The Uses of Dental Implants
Dental implants integrate entirely within human bone; living bone grows into the titanium surface to fix them firmly in place. These implants can then be used to support fixed crowns and bridges. They can replace one tooth, up to a whole arch of missing teeth. They can also be used to stabilise a loose or uncomfortable denture.
Replacing a Single Tooth
Replacing a single missing tooth with an implant is a hugely successful procedure at the The Bristol Dental Practice . Treatment is highly conservative as it is not necessary to prepare neighbouring teeth to support bridges, and the implant tooth can be looked after just like your own natural teeth. The implant restoration (crown) itself is usually made with a combination of computer-aided design and 3D manufacturing technologies (in Sweden), and then hand finished by our dental laboratory technicians (in Torquay) to produce a beautiful natural looking final tooth.
Replacing Several Teeth
Groups of missing teeth can be replaced with bridgework supported by dental implants. For example, two implants can support a bridge replacing three – four teeth, with more implants added if the biting forces are particularly heavy, or a larger bridge is required.
Once again, treatment is highly conservative as it is not necessary to prepare natural teeth to support bridgework. The implant construction simply replaces the missing teeth without further compromising any remaining teeth. We use state of art 3D imaging, software simulations and guided surgery to assist with planning and implant positioning.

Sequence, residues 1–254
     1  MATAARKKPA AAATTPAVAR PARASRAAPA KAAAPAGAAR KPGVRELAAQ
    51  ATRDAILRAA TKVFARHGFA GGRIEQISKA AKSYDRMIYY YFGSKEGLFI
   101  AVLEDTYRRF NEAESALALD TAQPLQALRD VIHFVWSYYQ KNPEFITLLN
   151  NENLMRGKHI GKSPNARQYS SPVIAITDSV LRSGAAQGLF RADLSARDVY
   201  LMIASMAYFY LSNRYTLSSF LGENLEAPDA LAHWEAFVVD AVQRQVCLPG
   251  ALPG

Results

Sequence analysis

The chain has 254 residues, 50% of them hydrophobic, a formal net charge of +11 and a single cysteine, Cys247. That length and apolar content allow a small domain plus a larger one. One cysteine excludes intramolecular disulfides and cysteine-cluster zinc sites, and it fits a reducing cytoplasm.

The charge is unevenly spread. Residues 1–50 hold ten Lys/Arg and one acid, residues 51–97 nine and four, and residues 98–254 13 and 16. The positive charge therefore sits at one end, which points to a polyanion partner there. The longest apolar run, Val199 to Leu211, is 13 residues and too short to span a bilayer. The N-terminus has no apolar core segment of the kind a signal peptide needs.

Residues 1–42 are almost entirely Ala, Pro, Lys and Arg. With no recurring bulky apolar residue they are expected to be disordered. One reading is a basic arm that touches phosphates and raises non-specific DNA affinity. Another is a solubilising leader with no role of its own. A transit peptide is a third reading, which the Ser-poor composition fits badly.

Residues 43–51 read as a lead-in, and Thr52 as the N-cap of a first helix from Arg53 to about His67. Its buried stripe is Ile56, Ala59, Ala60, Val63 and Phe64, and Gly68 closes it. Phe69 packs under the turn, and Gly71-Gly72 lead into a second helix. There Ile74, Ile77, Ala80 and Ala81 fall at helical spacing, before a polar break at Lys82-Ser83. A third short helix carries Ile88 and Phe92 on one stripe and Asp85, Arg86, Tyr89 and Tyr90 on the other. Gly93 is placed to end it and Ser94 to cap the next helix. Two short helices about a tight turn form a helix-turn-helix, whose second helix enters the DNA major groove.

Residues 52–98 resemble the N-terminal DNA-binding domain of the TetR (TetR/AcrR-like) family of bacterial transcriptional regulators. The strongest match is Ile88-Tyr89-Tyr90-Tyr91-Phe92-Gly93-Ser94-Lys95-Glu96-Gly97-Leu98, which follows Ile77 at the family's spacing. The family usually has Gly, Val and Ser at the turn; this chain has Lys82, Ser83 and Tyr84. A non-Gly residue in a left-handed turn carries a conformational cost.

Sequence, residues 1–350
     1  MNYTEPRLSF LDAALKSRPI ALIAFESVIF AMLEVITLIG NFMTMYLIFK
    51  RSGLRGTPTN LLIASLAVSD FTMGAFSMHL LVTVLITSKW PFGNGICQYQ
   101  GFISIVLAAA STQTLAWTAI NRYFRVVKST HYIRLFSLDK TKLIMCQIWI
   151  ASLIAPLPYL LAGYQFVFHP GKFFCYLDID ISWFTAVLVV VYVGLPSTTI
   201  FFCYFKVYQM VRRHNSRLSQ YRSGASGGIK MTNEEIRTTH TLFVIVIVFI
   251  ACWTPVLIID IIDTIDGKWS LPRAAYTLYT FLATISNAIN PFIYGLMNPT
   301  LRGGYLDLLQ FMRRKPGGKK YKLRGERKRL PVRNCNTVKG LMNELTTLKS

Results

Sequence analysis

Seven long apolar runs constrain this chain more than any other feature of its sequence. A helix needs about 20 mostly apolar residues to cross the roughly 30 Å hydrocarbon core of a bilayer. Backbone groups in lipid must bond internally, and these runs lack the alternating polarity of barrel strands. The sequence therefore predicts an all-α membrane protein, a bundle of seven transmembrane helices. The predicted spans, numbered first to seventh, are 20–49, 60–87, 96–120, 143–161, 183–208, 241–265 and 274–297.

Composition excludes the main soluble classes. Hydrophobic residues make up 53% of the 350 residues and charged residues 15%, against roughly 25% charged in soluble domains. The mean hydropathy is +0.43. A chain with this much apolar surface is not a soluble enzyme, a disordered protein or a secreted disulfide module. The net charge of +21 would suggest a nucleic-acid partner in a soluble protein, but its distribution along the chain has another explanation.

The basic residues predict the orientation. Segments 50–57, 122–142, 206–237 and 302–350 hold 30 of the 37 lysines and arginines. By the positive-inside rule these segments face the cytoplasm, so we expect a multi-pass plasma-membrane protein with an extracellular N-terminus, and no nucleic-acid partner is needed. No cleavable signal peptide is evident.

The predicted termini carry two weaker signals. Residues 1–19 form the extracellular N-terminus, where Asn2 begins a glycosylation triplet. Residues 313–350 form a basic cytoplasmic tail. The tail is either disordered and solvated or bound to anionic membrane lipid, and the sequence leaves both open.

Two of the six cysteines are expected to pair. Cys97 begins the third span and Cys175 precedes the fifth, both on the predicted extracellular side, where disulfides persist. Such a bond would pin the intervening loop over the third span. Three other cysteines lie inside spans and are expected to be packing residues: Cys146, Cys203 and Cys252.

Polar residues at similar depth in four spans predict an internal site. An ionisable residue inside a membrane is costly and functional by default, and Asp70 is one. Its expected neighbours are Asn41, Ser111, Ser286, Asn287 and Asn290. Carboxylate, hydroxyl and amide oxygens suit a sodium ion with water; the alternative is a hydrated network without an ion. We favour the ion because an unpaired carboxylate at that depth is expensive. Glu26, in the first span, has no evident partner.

Implant Retained Dentures
Removable dentures are used as prosthetic replacements for lost teeth, and to provide support to the lips and face when underlying bone has also been lost. Using dental implants to retain dentures offers increased stability, comfort, retention and helps to retain your jawbone, thereby aiding your facial profile.
With assistance from our exceptional denture technicians, we will meticulously construct your new dentures to complement your facial features. Typically, dentures rest on the gums, and hook around remaining teeth. However, dentures will usually adversely affect these neighbouring tissues until eventually more teeth are lost. The jawbone under the gums loses bulk, and the gum type covering the jaw becomes of a poor quality. As these supporting tissues are degraded, the dentures become more unstable and thereby uncomfortable to wear.
Your gums were never ‘designed’ to support dentures. Placing implants to support and retain a denture will offer increased stability, improving comfort, retention, but most importantly helping to retain the jawbone. We believe that providing dental implants to support full dentures should ideally be the standard of care we would like to offer our patients – although when teeth are still present, a partial denture may also be an effective way to replace a few missing teeth.
An important advantage of implant retained dentures is that good oral hygiene is easy to maintain. Brushing and flossing around implants is simple once the denture or bridge has been removed. This may be important where access is problematic, for example where there is a lot of bone loss, or when a patient has limited dexterity.
Dr Jonathan Cochrane – Principal (GDC No: 228321)
BDS, MFGDP(UK), MFDS RCS, CertConSed, MSc (Dental Implantology), CertImpDent (DGZI)
- Member of two Royal College of Surgeons; Edinburgh and England
- Special interests in Dental Implants, Oral Surgery and Sedation
Dr Liliana Ruzzene – Specialist Oral Surgeon (GDC No: 70039)
BDS, M. Dent (MFOS), FFD (MFOS)
- Has successfully placed over 6,500 dental implants
- Special interests in Dental Implants and Oral Surgery
Dr Peter Ruzzene – Dentist (GDC No: 70040)
- Special interests in Dental Implants and Advanced Restorative Dentistry